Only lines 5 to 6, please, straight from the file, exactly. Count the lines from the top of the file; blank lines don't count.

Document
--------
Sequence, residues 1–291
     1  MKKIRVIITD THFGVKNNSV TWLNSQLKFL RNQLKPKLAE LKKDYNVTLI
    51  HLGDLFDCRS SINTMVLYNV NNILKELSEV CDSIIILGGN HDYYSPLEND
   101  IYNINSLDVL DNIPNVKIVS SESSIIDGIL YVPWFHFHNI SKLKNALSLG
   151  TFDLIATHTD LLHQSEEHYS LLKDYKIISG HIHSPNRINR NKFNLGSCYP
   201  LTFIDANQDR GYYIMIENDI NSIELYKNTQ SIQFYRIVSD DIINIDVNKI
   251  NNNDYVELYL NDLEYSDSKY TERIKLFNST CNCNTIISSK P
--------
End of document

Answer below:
   151  TFDLIATHTD LLHQSEEHYS LLKDYKIISG HIHSPNRINR NKFNLGSCYP
   201  LTFIDANQDR GYYIMIENDI NSIELYKNTQ SIQFYRIVSD DIINIDVNKI